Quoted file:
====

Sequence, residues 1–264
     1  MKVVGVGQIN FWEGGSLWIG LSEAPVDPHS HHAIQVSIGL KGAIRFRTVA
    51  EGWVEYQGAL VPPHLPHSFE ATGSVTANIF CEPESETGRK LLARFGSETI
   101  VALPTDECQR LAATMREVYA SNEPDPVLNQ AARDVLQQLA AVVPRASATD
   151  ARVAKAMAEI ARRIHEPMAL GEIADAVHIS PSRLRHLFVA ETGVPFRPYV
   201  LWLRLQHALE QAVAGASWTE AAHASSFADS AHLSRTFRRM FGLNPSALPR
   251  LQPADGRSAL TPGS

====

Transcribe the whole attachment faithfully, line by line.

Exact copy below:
Sequence, residues 1–264
     1  MKVVGVGQIN FWEGGSLWIG LSEAPVDPHS HHAIQVSIGL KGAIRFRTVA
    51  EGWVEYQGAL VPPHLPHSFE ATGSVTANIF CEPESETGRK LLARFGSETI
   101  VALPTDECQR LAATMREVYA SNEPDPVLNQ AARDVLQQLA AVVPRASATD
   151  ARVAKAMAEI ARRIHEPMAL GEIADAVHIS PSRLRHLFVA ETGVPFRPYV
   201  LWLRLQHALE QAVAGASWTE AAHASSFADS AHLSRTFRRM FGLNPSALPR
   251  LQPADGRSAL TPGS